12. The LC panel according to claim 11, wherein said heat adjusting element further includes a pair of second heaters disposed in a vicinity of pixels connected to both ends of said one of said scanning lines.

13. A projection-type liquid crystal display device comprising a light source, said LC panel according to claim 1 and transmitting light emitted by said light source, and a projection unit for projecting light transmitted by said LC panel onto a screen.

Description:

BACKGROUND OF THE INVENTION

(a) Field of the Invention

The present invention relates to liquid crystal (LC) panel using a frame-inversion driving scheme and, more particularly, to a LC panel suitably used in a projection-type liquid crystal display (projection LCD) device.

(b) Description of the Related Art

A transmissive LC panel for use in a LCD device using an active-matrix driving scheme includes a TFT (thin-film-transistor) substrate on which an array of pixel electrodes are disposed in association with TFTs, a counter substrate on which a single common electrode is disposed, and a LC layer sandwiched between both the substrates. In the transmissive LC panel, TFTs having a switching function are controlled to apply a desired potential to respective pixel electrodes, whereby the potential difference between the pixel electrodes and the common electrode changes the orientation of the LC molecules in the LC layer and controls the optical transmission factor in the pixels.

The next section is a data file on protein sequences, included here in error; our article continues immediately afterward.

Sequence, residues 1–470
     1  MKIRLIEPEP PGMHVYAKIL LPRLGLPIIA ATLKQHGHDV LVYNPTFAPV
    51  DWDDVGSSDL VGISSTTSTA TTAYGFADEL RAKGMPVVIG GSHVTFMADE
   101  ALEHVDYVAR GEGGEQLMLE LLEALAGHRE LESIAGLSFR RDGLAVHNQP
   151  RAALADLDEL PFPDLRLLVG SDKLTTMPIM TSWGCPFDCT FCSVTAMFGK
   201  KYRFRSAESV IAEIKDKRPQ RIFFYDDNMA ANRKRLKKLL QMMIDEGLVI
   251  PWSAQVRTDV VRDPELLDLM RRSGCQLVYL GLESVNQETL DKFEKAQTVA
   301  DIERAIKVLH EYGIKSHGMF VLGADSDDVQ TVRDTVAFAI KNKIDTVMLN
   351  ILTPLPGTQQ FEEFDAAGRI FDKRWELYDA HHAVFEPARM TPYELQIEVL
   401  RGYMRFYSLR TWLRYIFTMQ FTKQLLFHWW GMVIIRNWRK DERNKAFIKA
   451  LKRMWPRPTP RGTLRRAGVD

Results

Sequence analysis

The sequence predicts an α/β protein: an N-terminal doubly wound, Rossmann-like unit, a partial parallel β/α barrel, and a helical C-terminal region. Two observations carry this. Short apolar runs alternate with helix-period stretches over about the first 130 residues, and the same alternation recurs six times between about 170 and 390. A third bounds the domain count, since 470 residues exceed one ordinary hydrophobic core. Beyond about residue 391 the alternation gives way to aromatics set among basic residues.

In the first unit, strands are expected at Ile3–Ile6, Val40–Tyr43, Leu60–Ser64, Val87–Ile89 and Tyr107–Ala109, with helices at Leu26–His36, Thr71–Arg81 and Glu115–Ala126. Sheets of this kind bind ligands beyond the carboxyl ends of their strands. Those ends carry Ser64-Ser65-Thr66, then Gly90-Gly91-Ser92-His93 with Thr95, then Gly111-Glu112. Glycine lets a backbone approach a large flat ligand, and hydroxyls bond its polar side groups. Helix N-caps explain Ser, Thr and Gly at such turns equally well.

On the TFT substrate, there are provided a plurality of source lines for delivering data signals, or gray-scale potentials, to the pixels, and a plurality of scanning lines for delivering switching signals to the TFTs. The scanning lines receive scanning pulse signals from a gate driver, whereas the source lines receive gray-scale potentials from a source driver. If n-type TFTs are used in the LC panel, a high-level scanning signal applied through a scanning line turns ON the TFTs connected to the scanning line, whereby the source lines provide gray-scale potentials to the respective pixel electrodes through these TFTs. When a low-level scanning signal is applied to the TFTs through a scanning line to turn OFF the TFTs, the potential difference between the pixel electrodes and the common electrode is maintained until the next scanning pulse signal is applied to the TFTs. By consecutively providing the scanning signals through the scanning lines and rewriting the gray-scale potentials in the pixels at the frame periods, all the pixels are provided with desired gray-scale potentials for transmission of an image through the LC panel.

In the LC panel, the inherent characteristic of the LC necessitates use of an AC driving technique. The AC driving technique includes a frame-inversion driving scheme wherein the polarity of the data signals applied to the pixel electrodes is inverted at every frame interval, a line-inversion driving scheme wherein the polarity of the data signals is inverted at every source line or every scanning line, and a dot-inversion driving scheme wherein the polarity of the data signals is inverted at every other pixel in the row and column directions. In the line- and dot-inversion driving schemes, the polarity of the data signal applied to each pixel is inverted at every frame interval as in the case of the frame-inversion driving scheme.

LCD devices using a transmissive LC panel include a projection LCD device. The LC panel in the projection LCD device is used as a light valve for optically modulating the light emitted from a light source, and the LC panel is considered as a key device therein, the performance of which determines the performance of the projection LCD device. The projection LCD device is remarkably developed recently to have a higher luminance and a higher contrast ratio, which require a higher opening ratio and a higher contrast ratio for the LC panel or LC light valve.